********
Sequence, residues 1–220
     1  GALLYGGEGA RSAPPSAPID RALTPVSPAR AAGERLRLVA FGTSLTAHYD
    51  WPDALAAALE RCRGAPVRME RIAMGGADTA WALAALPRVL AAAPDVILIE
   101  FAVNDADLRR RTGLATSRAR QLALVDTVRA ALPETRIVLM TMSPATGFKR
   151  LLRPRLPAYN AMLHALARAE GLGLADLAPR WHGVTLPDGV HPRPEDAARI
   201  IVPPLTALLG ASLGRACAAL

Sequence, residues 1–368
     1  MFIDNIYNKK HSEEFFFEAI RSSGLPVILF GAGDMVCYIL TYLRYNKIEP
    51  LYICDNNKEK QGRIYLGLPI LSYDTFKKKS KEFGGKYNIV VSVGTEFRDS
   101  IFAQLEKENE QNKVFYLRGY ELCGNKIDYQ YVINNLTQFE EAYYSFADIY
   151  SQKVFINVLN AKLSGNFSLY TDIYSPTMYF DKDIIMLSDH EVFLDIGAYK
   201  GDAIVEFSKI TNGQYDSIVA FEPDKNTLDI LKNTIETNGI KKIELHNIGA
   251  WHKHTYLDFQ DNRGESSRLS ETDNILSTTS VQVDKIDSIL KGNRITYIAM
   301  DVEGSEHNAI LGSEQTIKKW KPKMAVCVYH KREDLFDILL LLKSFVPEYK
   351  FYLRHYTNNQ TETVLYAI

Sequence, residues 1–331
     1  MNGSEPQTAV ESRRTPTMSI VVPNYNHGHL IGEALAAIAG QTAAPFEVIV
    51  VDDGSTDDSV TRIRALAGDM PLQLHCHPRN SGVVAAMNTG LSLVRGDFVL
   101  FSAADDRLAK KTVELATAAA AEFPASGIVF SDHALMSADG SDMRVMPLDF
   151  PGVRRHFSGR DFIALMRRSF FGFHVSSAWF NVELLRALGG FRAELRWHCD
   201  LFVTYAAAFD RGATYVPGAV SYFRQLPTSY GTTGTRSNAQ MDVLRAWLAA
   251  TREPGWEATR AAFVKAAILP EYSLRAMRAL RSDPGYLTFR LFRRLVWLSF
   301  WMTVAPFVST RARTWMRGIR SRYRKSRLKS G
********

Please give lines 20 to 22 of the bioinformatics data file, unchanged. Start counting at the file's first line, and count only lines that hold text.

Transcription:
   151  PGVRRHFSGR DFIALMRRSF FGFHVSSAWF NVELLRALGG FRAELRWHCD
   201  LFVTYAAAFD RGATYVPGAV SYFRQLPTSY GTTGTRSNAQ MDVLRAWLAA
   251  TREPGWEATR AAFVKAAILP EYSLRAMRAL RSDPGYLTFR LFRRLVWLSF